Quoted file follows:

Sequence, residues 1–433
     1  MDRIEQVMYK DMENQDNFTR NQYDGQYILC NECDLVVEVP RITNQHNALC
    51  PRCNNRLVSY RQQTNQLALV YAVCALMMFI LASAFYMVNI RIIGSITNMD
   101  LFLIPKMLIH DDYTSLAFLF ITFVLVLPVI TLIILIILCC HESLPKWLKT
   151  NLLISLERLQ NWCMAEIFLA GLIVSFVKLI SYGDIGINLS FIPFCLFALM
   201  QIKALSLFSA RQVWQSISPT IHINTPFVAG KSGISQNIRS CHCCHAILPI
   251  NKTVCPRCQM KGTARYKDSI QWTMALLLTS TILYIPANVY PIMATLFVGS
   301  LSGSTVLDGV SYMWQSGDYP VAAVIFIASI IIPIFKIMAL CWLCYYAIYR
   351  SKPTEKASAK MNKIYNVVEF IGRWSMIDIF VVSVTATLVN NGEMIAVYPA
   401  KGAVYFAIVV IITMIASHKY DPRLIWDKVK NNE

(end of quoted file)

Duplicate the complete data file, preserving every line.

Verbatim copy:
Sequence, residues 1–433
     1  MDRIEQVMYK DMENQDNFTR NQYDGQYILC NECDLVVEVP RITNQHNALC
    51  PRCNNRLVSY RQQTNQLALV YAVCALMMFI LASAFYMVNI RIIGSITNMD
   101  LFLIPKMLIH DDYTSLAFLF ITFVLVLPVI TLIILIILCC HESLPKWLKT
   151  NLLISLERLQ NWCMAEIFLA GLIVSFVKLI SYGDIGINLS FIPFCLFALM
   201  QIKALSLFSA RQVWQSISPT IHINTPFVAG KSGISQNIRS CHCCHAILPI
   251  NKTVCPRCQM KGTARYKDSI QWTMALLLTS TILYIPANVY PIMATLFVGS
   301  LSGSTVLDGV SYMWQSGDYP VAAVIFIASI IIPIFKIMAL CWLCYYAIYR
   351  SKPTEKASAK MNKIYNVVEF IGRWSMIDIF VVSVTATLVN NGEMIAVYPA
   401  KGAVYFAIVV IITMIASHKY DPRLIWDKVK NNE